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Association between polymorphisms of immune response genes and early childhood caries — systematic review, gene-based, gene cluster, and meta-analysis



Early childhood caries is a significant public health concern affecting about 600 million children globally. The etiology of early childhood caries can be explained as an interplay between genetic and environmental factors. Single nucleotide polymorphisms are the most common variations in the human genome. Genetic variations of immune response genes can modify the defense response of the host, and alter the susceptibility to bacterial colonization of the oral cavity and early childhood caries. The aim of this systematic review is to identify genetic variants of immune response genes associated with early childhood caries.


A total of 7124 articles were identified by conducting an elaborate search across various electronic databases and genome-wide association studies databases. Subsequent to exclusion at various stages, fifteen articles qualified to be included into the present review. Risk of bias assessment was done with the Q-genie tool. Quantitative synthesis revealed that the odds ratio for TT and CC genotypes of rs11362 was 1.07 (0.67–1.71) and 1.16 (0.84–1.60), respectively. Gene-based analysis revealed a statistically significant association between variants of tumor necrosis factor-alpha gene and T-cell receptor alpha variable 4 locus with early childhood caries. Gene clustering showed the presence of three functional clusters. To comprehend the protein–protein interaction, the bioinformatic tool of “Search Tools for the Retrieval of Interacting Genes and Proteins” was used. Among the biological processes and the reactome pathways, complement activation through the lectin pathway showed the highest strength of association with early childhood caries. To understand the interaction and functionality of the genes, “gene function prediction using Multiple Association Network Integration Algorithm” was used, which revealed that the genes were linked by physical interaction (39.34%) and through co-expression (34.88%).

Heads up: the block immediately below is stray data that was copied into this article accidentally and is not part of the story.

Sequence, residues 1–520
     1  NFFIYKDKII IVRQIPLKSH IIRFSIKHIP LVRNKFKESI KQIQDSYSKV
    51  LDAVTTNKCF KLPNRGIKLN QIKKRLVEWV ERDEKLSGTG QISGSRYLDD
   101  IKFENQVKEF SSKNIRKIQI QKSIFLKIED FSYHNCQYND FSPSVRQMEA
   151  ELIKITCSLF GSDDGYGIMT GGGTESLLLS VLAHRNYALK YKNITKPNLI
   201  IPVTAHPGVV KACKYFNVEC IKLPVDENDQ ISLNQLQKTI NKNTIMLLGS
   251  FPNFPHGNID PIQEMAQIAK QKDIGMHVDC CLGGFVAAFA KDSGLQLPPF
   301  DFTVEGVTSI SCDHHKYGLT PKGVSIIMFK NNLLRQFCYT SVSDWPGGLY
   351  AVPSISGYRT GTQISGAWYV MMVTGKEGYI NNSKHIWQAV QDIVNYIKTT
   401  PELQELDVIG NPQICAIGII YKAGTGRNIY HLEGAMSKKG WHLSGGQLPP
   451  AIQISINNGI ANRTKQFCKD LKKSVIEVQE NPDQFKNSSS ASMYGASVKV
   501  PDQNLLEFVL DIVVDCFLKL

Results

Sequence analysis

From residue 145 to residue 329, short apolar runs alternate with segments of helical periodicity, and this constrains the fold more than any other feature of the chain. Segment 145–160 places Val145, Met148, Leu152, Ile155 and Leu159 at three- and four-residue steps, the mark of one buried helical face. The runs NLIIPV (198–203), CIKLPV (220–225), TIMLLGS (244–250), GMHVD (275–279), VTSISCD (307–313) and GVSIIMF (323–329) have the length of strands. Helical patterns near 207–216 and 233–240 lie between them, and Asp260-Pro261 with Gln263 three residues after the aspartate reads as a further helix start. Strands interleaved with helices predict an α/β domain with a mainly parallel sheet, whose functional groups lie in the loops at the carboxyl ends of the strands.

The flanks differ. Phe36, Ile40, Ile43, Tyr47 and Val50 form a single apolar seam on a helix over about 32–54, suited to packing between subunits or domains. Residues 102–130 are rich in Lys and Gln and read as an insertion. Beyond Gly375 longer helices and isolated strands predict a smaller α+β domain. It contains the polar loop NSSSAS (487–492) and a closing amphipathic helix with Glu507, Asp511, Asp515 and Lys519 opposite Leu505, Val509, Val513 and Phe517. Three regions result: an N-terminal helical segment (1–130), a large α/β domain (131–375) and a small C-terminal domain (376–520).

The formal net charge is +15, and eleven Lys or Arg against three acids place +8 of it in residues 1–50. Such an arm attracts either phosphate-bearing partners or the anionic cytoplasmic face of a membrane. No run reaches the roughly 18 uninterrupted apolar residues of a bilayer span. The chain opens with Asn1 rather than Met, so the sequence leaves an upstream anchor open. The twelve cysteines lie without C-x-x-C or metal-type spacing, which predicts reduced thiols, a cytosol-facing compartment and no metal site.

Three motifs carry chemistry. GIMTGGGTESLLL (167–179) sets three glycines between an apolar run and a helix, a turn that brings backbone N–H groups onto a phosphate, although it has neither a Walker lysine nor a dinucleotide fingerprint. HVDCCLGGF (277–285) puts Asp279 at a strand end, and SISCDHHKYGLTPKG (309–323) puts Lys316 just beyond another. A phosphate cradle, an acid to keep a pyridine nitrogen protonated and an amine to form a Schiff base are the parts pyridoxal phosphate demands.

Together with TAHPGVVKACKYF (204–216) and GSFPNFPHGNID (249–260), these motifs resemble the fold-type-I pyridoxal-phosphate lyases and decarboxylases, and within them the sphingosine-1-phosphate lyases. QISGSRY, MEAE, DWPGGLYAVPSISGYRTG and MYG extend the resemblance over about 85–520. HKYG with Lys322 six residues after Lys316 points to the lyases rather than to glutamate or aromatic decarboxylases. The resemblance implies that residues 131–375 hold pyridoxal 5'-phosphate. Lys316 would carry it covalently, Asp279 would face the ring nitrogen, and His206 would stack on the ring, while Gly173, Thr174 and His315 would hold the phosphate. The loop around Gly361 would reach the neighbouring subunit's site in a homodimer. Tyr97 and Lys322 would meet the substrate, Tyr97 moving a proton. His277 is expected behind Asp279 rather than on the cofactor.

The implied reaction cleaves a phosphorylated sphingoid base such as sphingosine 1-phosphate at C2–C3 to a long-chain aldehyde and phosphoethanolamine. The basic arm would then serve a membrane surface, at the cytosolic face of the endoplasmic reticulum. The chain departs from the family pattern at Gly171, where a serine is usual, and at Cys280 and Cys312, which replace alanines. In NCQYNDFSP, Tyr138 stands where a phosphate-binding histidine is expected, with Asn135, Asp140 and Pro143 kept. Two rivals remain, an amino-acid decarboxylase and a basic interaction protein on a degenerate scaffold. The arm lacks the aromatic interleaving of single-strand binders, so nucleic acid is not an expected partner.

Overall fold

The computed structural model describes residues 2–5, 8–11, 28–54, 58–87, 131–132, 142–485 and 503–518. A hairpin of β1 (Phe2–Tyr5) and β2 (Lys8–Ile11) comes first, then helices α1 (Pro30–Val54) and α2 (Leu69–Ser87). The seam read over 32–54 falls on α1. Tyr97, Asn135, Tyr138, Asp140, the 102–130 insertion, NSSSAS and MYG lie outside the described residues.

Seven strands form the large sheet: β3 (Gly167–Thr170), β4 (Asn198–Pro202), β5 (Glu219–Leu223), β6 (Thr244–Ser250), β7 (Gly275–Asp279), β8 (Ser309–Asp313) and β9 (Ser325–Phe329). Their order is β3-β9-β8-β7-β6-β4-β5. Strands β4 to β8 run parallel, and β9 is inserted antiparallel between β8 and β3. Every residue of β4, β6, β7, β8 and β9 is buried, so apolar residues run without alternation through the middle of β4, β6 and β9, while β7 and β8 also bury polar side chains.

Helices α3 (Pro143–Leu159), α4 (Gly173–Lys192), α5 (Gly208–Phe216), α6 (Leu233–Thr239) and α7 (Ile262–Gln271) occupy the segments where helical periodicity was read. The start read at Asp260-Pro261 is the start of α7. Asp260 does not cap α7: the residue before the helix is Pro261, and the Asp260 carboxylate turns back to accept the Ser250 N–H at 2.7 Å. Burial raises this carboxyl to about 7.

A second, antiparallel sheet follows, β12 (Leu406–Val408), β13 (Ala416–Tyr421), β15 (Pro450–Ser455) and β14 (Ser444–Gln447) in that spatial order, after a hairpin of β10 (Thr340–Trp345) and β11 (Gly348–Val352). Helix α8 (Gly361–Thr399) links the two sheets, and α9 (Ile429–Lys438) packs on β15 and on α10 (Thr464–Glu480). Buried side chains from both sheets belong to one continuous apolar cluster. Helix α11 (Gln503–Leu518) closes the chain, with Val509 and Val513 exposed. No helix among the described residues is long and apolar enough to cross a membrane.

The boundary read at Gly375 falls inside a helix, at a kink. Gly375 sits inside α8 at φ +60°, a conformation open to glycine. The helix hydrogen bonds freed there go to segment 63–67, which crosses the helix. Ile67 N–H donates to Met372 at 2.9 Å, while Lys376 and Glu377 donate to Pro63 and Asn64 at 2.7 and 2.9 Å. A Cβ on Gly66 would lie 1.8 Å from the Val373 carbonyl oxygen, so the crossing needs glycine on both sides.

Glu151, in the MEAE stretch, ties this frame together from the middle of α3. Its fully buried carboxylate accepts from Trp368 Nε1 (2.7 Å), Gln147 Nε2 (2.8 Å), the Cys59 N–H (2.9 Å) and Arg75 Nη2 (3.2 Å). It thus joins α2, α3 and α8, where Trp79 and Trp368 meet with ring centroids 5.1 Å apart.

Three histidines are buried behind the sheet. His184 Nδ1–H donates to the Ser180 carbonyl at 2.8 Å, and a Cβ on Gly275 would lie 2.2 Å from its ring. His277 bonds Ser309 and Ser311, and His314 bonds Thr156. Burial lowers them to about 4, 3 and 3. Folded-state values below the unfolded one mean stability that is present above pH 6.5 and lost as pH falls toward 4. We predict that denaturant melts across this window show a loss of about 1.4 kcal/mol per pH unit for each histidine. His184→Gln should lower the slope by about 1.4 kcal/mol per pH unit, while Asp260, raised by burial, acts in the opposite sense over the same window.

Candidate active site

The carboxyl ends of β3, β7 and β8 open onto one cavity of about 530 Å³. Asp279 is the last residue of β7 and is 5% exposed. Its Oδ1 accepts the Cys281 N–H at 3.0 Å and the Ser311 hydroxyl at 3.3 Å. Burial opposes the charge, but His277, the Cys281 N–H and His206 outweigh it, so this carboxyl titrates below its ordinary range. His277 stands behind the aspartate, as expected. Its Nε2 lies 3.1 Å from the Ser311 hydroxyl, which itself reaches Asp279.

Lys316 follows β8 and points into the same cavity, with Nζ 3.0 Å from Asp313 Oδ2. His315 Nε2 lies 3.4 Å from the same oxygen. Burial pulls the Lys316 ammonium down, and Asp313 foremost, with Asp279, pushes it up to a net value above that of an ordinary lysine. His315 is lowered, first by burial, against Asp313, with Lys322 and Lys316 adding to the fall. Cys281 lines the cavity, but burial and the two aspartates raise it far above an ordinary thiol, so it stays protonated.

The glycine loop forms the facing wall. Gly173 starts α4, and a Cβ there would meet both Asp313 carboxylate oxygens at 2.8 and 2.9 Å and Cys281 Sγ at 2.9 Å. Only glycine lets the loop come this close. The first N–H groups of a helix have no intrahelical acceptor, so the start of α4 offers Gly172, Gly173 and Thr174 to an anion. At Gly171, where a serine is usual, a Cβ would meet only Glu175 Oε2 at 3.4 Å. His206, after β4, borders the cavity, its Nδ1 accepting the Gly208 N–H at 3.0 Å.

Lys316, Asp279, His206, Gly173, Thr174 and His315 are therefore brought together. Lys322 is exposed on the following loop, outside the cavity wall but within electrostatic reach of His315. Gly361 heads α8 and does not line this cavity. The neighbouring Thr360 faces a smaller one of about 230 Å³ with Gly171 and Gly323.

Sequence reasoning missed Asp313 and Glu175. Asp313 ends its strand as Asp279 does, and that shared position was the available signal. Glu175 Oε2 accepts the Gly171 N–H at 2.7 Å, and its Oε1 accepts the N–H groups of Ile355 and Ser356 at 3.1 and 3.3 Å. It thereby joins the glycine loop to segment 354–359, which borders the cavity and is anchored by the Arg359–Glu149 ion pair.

Genotype TT of rs7217186 of arachidonate 15-lipoxygenase gene was a risk factor for early childhood caries. Multiple genetic variants of T-cell receptor alpha variable 4 locus and tumor necrosis factor-alpha gene were associated with increased susceptibility to early childhood caries. Polymorphisms of genes regulating the lectin pathway of complement activation can modify the susceptibility to early childhood caries.